Back in December 2014 the HackRF Blue came out via a crowd funded Indiegogo campaign as a HackRF board that was $100 cheaper than the official version ($199 vs $299 USD). The HackRF is a 8-bit receive and transmit capable SDR with operating range of between 0.1 – 6000 MHz and a bandwidth of up to 20 MHz. As its hardware specifications are released as open source, it is very easy for clones of the official version to be produced. While the HackRF Blue Indiegogo campaign was successful, the product is now out of stock as they seemed to stop production after the campaign.
We are a PCB and SMT assembly factory founded in the year 2001, located in Shenzhen, China. We are a professional EMS/OEM company; provide one-stop contract electronic manufacturing service for PCB&PCBA. Now we want to make small market devices and sell directly to customers.
Some of the part on HackRF is End Of Life and very difficult to find now. We have enough of these part for ~300 HackRF only. You can find some HackRF on Alibaba right now, but they used cheap parts and the manufacture does not test them (they do not install any firmware).
We are trying to find some more of the EOL part first and will make the Kickstarter campaign soon. If we can’t find any more of these part, we will only make ~300pcs. Please register first, when we activate the campaign we will tell you by email. The first 10 people who buy from the Kickstarter will have a heavy discount, only pay $75!
Back in December of last year we posted about the Indiegogo campaign for the HackRF Blue, a lower cost clone of the HackRF One software defined radio. They were able to achieve a lower cost by better component sourcing and manufacturing choices, thus reducing the cost from $299 to $200. The HackRF Blue Indiegogo campaign was successful and most of the HackRF Blue’s have now been shipped and delivered to backers. If you need help getting started with the HackRF Blue see http://hackrfblue.com/getting-started/. To get started on Windows, simply use Zadig like with the RTL-SDR, and use SDR# which has built in HackRF support.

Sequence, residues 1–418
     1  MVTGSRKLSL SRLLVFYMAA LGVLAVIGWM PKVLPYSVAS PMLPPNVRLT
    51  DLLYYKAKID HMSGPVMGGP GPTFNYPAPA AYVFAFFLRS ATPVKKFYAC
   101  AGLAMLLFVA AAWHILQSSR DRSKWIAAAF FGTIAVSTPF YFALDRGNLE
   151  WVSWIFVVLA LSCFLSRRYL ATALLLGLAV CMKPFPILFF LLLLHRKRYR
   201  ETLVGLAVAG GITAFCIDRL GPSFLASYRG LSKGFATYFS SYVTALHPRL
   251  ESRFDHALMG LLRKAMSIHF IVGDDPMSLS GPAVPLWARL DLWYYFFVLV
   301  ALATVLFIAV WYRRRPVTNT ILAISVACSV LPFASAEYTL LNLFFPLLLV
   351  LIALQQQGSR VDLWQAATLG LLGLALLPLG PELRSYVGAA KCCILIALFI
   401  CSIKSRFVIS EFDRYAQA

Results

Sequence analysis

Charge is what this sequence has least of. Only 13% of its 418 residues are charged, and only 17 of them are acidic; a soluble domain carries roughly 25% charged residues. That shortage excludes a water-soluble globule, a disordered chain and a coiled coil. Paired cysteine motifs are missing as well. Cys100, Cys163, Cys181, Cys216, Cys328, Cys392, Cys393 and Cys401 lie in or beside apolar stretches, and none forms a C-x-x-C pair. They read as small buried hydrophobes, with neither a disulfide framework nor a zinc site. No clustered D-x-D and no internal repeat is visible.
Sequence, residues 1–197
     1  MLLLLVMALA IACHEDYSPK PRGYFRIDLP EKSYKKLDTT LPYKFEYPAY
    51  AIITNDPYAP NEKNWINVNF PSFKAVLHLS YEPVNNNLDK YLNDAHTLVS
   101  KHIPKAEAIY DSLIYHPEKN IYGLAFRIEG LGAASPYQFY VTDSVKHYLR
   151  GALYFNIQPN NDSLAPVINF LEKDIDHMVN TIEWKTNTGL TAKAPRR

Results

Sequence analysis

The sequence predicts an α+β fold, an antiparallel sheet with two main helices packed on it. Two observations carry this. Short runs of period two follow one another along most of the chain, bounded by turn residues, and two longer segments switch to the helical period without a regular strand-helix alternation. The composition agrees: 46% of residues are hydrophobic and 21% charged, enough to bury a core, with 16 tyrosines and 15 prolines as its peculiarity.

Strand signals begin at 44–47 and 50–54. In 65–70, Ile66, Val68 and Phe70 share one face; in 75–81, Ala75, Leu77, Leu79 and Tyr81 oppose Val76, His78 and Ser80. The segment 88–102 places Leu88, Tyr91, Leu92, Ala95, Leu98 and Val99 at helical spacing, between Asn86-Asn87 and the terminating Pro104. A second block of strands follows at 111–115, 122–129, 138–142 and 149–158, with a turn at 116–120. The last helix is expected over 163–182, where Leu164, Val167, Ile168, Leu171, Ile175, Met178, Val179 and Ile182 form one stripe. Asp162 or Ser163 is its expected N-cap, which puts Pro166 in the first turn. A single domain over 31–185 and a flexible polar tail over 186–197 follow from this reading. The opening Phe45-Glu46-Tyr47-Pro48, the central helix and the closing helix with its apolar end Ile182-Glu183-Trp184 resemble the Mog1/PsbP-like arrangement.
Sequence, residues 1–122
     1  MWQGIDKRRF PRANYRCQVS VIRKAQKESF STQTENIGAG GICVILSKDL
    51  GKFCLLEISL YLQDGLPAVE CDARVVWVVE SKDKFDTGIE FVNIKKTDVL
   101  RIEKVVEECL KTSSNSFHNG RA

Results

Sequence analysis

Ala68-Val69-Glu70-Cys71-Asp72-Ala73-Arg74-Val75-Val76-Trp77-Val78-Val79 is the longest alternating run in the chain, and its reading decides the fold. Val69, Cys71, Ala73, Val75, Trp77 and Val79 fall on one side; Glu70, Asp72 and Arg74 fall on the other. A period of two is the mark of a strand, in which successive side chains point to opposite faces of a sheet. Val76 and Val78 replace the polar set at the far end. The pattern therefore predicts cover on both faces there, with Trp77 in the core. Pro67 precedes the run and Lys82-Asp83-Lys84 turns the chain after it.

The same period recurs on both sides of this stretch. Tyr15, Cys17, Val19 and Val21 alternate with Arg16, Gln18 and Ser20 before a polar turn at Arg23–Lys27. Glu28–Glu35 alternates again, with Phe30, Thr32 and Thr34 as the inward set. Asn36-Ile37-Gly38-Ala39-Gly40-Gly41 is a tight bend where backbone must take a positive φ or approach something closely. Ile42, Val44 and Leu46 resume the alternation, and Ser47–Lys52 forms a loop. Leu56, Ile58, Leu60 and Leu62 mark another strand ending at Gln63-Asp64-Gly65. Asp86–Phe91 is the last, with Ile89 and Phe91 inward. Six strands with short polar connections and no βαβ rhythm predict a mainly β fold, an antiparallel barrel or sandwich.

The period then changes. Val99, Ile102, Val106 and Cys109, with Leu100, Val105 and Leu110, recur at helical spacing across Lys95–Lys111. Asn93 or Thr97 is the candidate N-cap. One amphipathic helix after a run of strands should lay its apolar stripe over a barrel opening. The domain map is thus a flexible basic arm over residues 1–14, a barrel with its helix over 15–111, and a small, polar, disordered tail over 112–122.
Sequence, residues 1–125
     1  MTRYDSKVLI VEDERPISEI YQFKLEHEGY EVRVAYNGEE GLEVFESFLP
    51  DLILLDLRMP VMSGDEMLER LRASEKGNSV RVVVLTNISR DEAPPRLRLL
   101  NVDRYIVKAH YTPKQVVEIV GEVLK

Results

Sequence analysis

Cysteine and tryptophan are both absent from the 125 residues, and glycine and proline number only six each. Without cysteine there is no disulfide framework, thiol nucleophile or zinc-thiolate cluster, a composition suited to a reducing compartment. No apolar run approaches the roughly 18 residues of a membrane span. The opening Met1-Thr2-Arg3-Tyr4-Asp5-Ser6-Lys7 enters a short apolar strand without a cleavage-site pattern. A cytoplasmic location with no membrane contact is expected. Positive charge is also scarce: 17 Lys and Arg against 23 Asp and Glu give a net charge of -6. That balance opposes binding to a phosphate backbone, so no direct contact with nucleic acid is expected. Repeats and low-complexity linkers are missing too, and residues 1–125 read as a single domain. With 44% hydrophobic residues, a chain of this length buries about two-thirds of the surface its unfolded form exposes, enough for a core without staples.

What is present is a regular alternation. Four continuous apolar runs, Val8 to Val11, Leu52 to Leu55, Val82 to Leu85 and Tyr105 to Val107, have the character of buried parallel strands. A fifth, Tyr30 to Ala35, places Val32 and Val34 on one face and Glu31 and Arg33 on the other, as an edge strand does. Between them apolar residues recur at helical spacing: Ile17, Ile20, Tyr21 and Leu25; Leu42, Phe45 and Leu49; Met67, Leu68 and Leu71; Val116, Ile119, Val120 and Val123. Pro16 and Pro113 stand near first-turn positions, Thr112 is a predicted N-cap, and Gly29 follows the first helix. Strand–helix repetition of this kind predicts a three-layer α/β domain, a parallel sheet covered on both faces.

The specs of the official HackRF One (and by extension the HackRF Blue) have also recently been changed. They now officially acknowledge that the HackRF One is capable of operating at a frequency down to about 1 MHz. They write:
Now that we’ve seen consistent low frequency performance across multiple manufacturing runs, we’re comfortable changing the official specification: HackRF One operates from 1 MHz to 6 GHz. Try attaching a long wire antenna to listen to shortwave radio!
Recently some people have been considering which mid priced SDR to upgrade to from their RTL-SDR. Our opinion is this: The HackRF has pretty poor RX performance, probably the same as, or even worse than the RTL-SDR, so we suggest you buy it only if you want TX capabilities or need operation above 1.7 – 2 GHz. If you only need RX then we suggest you choose the Airspy or SDRPlay as they have much better RX performance. See our list of SDRs for more possible options.
Earlier in the year the HackRF One was released by Micheal Ossmann. It is a transmit and receive capable software defined radio with a 10 MHz to 6 GHz range which currently sells for around $300 USD. Since the HackRF is open source hardware, anyone can make changes to the design and build and sell their own version.
The HackRF Blue is a HackRF clone that aims to sell at a lower cost. By sourcing lower cost parts that still work well in the HackRF circuit, the team behind the HackRF Blue were able to reduce the price of the HackRF down to $200 USD. They claim that the HackRF Blue has the same performance as the HackRF One and is fully compatible with the HackRF software. They are currently seeking funding through an IndieGoGo campaign.
Their main goal through the funding is to help provide underprivileged hackerspaces with a free HackRF.